While it’s very much a stand-alone Arctic destination, it’s part of Norway (and you need to fly through the country to visit).
In the winter months, Svalbard is covered in snow and shrouded by darkness; but that doesn’t mean that it isn’t worth visiting!
On the island, you can enjoy frozen tundras, glaciers, and icy fjords.
The archipelago sits where cold, dry air from the Arctic meets warmer, wetter air from the south, which means that the weather here isn’t usually as cold as you’d expect (the weather today, at the end of February, is -6C) although it can drop to -30C on the coldest winter days.
Due to Svalbard’s extreme north location, it witnesses polar nights for two and a half months of the winter; while this does mean complete darkness, it’s a fascinating chance to see how humans can survive in extreme conditions AND gives you more of a chance to see the northern lights!
Despite the extreme weather conditions, Svalbard offers a host of winter activities for visitors to enjoy, including dog-sledding, snowmobiling, ice-caving, snowshoeing and skiing. However, visitors aren’t allowed to leave the street lights of Longyearbyen independently, due to the amount of dangerous polar bears on the island.
Along with polar bears, Svalbard is home to Arctic foxes, walruses and reindeer, along with whales in the surrounding sea.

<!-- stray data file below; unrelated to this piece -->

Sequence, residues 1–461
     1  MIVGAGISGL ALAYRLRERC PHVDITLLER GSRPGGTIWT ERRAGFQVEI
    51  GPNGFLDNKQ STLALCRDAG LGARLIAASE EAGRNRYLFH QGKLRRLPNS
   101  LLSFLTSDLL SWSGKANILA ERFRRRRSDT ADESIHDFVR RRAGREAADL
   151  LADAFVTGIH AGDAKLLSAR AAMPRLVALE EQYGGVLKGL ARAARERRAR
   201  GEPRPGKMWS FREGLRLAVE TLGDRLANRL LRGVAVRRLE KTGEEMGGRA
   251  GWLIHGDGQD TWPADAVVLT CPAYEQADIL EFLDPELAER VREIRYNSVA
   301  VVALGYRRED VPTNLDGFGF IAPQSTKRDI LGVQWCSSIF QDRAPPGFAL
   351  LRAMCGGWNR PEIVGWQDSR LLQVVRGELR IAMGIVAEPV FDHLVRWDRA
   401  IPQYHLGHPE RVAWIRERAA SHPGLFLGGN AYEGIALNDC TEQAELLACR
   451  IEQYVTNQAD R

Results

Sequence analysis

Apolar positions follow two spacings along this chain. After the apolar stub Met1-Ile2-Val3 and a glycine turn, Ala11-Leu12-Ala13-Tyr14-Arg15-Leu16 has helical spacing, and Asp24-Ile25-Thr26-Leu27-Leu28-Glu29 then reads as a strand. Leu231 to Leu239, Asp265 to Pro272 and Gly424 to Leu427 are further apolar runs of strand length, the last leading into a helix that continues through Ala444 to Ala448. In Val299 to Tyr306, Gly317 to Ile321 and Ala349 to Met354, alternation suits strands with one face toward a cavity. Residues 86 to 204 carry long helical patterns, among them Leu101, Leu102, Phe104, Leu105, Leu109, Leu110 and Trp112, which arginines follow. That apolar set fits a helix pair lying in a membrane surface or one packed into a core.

In Longyearbyen, explore museums like the North Pole Expedition Museum and the Svalbard Museum, check out the northernmost church in the world and chat with locals about what it’s really like to live in such a remote place, learning fun facts like nobody is allowed to give birth on the islands (pregnant women have to fly to the mainland before they have their babies!).
One of Norway’s most popular destinations (for good reason!), the Lofoten Islands are an Arctic winter paradise.
Known for their dramatic landscapes, including towering mountains, deep fjords, frozen lakes and pristine beaches, the Lofoten Islands boasts opportunities for winter activities like skiing, snowboarding, and snowshoeing.
The weather patterns around the islands can be a little erratic, and it’s best to do tours with people who know the roads well; this will also give you the best chances of seeing the northern lights.
Other activities include visiting local fishing villages, sampling traditional Norwegian cuisine, and taking a cruise through the stunning fjords.
Sitting on the coastline at the far north of Europe, in the county of Finnmark which is “where east meets west”, Alta is a popular winter destination for visitors looking to experience Arctic wilderness and traditional Sami culture.
Alta is transformed into a winter wonderland from November to April, and is ideally location within the auroral zone, making it the perfect location for witnessing the northern lights, which are visible on clear winter nights.
Visitors can take part in guided northern lights tours to find the best viewing spots; it’s also possible to partake in a traditional reindeer sledding trip led by local Sami people.
The town boasts SarvesAlta ski resort (around 20 kms away), which has a 5.5 km of slopes for all skill levels.